The Heartbreak of Short Fiction Paralysis

Podcast Appearance: RSP #154
Revision Process Part 1: Scene List

The better I understand the structure and format of short fiction, the harder I find it to write.

I started writing not too long after I started reading. Kindergarten, maybe first grade. And, of course, I started with short fiction in the style of the stories I most liked to read, twisty “O. Henry” style works with unexpected twists at the end, usually with some element of the horrific.

I don’t remember much about what I read back in the 80s, but I do remember that my grandparents had big books of short horror stories, haunted houses, aliens, creatures from the swamp. “Alfred Hitchcock Presents” I think. Along with a lot of Hardy Boys books in burlap-colored covers, but this post is about shorts so we’ll stick to that.

In my adolescence I read a lot of Stephen King. I’ve always preferred his short fiction; I think he has less room to meander and wander off the plot, so the endings are never as unsatisfying as his novels can on occasion be. I think King is one of my favorite short fiction authors, and that probably informed my early efforts more than a little.


I’d never written a novel, nor seriously attempted one, when I began self-publishing in 2011. Accordingly, my first few ebooks – “Apocalypse Party,” “Oh Human Child,” “And They Called Her Spider,” “Maiden Voyage of the Rio Grande,” “On the Trail of the Scissorman” under my own name and a bunch of others under pen names – were shorts in the 5-10k word range. They gradually got longer and longer until I was writing short novels with March of the Cogsmen and from that point onward, I didn’t really go back to shorts.

I’ve thought about it. I’ve read about it. And as I’ve grown more comfortable with the elbow room that a novel provides, I’ve found that I am less able to just whip off a short story. Why?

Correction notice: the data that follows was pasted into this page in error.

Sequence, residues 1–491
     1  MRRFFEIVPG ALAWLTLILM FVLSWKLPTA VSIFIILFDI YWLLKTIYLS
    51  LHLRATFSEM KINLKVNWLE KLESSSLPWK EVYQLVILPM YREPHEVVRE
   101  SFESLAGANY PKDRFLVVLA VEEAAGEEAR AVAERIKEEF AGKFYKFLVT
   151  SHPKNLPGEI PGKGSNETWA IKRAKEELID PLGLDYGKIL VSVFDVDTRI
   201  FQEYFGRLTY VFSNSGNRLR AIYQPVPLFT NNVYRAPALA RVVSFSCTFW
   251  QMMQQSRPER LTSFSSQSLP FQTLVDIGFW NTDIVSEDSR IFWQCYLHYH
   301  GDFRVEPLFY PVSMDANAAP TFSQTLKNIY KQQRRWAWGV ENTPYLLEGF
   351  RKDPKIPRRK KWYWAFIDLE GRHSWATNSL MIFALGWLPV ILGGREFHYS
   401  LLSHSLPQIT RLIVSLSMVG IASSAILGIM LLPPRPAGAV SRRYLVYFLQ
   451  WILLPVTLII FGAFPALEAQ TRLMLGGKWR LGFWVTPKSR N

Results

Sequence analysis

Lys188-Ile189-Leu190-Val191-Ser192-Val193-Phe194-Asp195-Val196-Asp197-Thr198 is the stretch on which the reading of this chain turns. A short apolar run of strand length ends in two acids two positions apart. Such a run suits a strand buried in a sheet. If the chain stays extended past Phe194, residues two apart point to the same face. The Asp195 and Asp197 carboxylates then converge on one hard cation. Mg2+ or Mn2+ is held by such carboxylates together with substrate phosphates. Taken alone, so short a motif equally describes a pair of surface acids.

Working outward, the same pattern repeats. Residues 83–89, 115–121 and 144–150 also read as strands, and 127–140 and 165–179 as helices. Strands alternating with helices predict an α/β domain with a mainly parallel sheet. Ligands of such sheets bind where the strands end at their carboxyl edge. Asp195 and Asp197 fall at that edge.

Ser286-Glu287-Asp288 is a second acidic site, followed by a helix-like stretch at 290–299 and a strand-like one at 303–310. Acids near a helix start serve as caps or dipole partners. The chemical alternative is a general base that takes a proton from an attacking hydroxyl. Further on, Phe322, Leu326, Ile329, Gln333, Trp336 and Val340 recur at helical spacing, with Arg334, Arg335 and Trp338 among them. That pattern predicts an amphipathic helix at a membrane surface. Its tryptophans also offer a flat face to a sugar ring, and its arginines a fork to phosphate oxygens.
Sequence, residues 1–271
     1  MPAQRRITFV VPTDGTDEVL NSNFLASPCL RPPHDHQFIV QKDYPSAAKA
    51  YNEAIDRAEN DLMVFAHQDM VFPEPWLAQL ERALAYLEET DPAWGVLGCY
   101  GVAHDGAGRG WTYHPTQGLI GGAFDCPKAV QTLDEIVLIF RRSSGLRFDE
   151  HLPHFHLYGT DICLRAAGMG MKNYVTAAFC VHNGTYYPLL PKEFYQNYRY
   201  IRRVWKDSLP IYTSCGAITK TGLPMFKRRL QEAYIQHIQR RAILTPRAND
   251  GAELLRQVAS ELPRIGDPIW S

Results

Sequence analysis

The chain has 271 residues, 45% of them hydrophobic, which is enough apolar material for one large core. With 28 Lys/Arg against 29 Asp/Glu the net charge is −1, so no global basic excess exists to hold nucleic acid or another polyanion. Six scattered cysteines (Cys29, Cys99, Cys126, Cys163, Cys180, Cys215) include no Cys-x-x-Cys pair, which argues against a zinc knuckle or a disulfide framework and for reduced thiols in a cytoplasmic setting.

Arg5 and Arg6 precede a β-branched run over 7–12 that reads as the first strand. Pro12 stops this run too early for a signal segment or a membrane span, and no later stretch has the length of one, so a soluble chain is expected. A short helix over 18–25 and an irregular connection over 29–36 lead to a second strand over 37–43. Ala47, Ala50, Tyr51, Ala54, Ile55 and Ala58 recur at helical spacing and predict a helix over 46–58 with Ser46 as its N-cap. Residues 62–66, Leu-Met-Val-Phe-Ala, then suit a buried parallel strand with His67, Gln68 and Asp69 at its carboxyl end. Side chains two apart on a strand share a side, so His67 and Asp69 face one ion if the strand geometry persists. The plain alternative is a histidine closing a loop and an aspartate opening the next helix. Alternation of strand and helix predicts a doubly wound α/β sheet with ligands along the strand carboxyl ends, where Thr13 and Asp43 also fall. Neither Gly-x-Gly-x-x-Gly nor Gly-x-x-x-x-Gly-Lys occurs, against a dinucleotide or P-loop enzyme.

Well. If you google it, you’ll find that there are two basic camps regarding what a short story even is.

  1. A short story is basically a short novel but uses the same basic structure.
  2. No it isn’t.

The more I think about novel structure and the way I write, the more I find myself in the second camp. My current belief, sure to change given enough time, is that a short story’s format lies somewhere between a poem and a joke. There’s a set-up, there’s a punch-line, though it doesn’t have to be funny. You’re just trying to evoke something. The telling of the story, primary to the novel, becomes a servant of that something you’re trying to evoke.

In a humorous or horrifying story the something is subversion of expectation, either to delight or terrify the reader. In other stories, you’re not necessarily trying to subvert, but you still need that set up to give the punch-line its “oomph.”

So yeah. I don’t know. I find that a short can take a lot more thought, consideration, and planning to “work” to my design specifications. My standards are higher than my experience can deliver. So I sit here, working on my novels and not writing short stories, until I can figure out how.

Michael Coorlim

Michael Coorlim is a teller of strange stories for stranger people. He collects them, the oddballs. The mystics and fire-spinners, the sages and tricksters. He curates their tales, combines their elements and lets them rattle around inside his rock-tumbler skull until they gleam, then spills them loose onto the page for like-minded readers to enjoy.
Michael Coorlim

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Podcast Appearance: RSP #154
Revision Process Part 1: Scene List

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